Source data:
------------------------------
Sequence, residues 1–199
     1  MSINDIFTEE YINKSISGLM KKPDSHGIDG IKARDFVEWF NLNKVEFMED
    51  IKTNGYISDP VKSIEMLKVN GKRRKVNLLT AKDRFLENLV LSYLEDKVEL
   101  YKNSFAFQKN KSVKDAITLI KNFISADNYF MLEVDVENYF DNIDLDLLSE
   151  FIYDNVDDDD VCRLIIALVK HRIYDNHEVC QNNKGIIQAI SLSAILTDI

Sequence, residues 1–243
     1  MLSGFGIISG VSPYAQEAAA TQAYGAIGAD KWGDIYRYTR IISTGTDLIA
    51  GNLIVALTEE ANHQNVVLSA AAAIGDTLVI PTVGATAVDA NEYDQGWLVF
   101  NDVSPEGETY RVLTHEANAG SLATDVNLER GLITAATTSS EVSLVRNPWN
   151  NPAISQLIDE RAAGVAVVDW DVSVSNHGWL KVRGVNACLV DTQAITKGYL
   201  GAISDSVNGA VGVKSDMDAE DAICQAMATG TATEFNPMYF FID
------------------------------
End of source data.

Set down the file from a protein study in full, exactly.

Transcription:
Sequence, residues 1–199
     1  MSINDIFTEE YINKSISGLM KKPDSHGIDG IKARDFVEWF NLNKVEFMED
    51  IKTNGYISDP VKSIEMLKVN GKRRKVNLLT AKDRFLENLV LSYLEDKVEL
   101  YKNSFAFQKN KSVKDAITLI KNFISADNYF MLEVDVENYF DNIDLDLLSE
   151  FIYDNVDDDD VCRLIIALVK HRIYDNHEVC QNNKGIIQAI SLSAILTDI

Sequence, residues 1–243
     1  MLSGFGIISG VSPYAQEAAA TQAYGAIGAD KWGDIYRYTR IISTGTDLIA
    51  GNLIVALTEE ANHQNVVLSA AAAIGDTLVI PTVGATAVDA NEYDQGWLVF
   101  NDVSPEGETY RVLTHEANAG SLATDVNLER GLITAATTSS EVSLVRNPWN
   151  NPAISQLIDE RAAGVAVVDW DVSVSNHGWL KVRGVNACLV DTQAITKGYL
   201  GAISDSVNGA VGVKSDMDAE DAICQAMATG TATEFNPMYF FID